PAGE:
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Philosophy of Teaching Mathematics

When I was in grade school, we learned mathematics by doing problems from our math books. As a result of this, I never really liked math. To me, math consisted of books and worksheets, not of real world problems. Mathematics is an abstract concept, one that is difficult for many children to grasp. However, mathematics is one of the most relevant subjects students can learn. Mathematics has been called "the universal language," the one language that everyone in our world can speak.

The system that taught me how to do mathematics is not an effective system. Children learn various mathematical concepts, however they do not understand the reasoning behind these concepts. In order for our society to produce a new generation of mathematicians and people who love math, we must change our manner of teaching this subject.

Jean Piaget, Jerome Bruner, and Richard Skemp have all developed theories of development that say that individuals pass through various stages as they develop intellectually. Basically, these three theories parallel each other. The beginning stages all focus on the manipulation of objects. Children at these stages learn by working with objects and making connections with their hands. The next stage of learning is the pictorial. Children at this stage are learning how to move beyond manipulation and represent their objects pictorially. The final stage of learning is the abstract stage. At this stage, children are able to comprehend those abstract ideas that they could not grasp during their earlier stages. They can look at the world theoretically, understanding different concepts without having to use manipulatives or pictures. This stage is the true stage of understanding.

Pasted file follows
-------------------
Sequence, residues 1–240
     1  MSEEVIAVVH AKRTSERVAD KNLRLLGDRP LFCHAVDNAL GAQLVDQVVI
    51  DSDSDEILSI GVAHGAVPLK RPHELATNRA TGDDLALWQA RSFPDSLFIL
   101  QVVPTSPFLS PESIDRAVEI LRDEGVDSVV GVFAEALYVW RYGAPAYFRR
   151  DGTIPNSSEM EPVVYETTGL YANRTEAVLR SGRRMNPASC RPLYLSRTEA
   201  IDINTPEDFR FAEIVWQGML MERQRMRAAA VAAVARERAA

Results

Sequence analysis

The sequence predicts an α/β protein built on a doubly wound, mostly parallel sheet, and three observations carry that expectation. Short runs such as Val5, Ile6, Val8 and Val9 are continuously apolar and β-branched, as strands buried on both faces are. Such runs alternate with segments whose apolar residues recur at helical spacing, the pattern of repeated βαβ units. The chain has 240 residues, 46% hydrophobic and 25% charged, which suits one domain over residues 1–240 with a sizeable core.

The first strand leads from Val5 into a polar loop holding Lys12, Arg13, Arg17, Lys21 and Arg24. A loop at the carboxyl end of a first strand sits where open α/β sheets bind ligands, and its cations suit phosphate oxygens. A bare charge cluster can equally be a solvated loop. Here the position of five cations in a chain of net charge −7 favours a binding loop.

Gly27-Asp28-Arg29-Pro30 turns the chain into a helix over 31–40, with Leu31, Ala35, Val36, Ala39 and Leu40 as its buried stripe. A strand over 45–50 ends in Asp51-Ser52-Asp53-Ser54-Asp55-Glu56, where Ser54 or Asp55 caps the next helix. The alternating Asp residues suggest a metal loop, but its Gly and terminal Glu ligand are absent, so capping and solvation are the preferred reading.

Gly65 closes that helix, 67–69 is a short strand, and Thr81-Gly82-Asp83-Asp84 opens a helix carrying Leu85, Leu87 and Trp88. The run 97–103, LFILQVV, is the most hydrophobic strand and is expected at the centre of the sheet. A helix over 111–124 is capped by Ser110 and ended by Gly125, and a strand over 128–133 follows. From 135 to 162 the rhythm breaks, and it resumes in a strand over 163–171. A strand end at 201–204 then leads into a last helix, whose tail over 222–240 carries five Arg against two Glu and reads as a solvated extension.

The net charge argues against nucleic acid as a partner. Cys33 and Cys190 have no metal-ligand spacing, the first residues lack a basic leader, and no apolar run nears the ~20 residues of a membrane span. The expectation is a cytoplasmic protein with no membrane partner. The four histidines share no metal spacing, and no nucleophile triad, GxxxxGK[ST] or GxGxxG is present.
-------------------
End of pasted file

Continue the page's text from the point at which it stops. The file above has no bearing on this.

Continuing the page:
As teachers, we should use these ideas to teach our children mathematics. Math is not an easy concept for many children. Simply seeing numbers on a page does not help them to understand the concepts behind those numbers. In order for comprehension to take place, we must first introduce a concept using manipulatives. After students can demonstrate an idea using manipulatives, we should then move to the pictorial stage, allowing students to depict the concepts. When both of these stages have been mastered, students can then advance to the abstract stage of learning. Because students understand the concepts behind the numbers, they can easily transition into this abstract stage of learning.

If math becomes a hands-on experience, students will begin to appreciate mathematics and understand the concepts. Mathematics might become fun for students again. Too many students dislike mathematics because they do not understand it. By teaching mathematics to our students in this manner, we may open the doors to a whole new world. After all, if math is the "universal language," shouldn’t we teach this language in a manner that children can understand?


Kennedy, L. and Tipps, S. (2000). Guiding children’s learning of mathematics—Ninth edition. Belmont, CA: Wadsworth/Thompson Learning.


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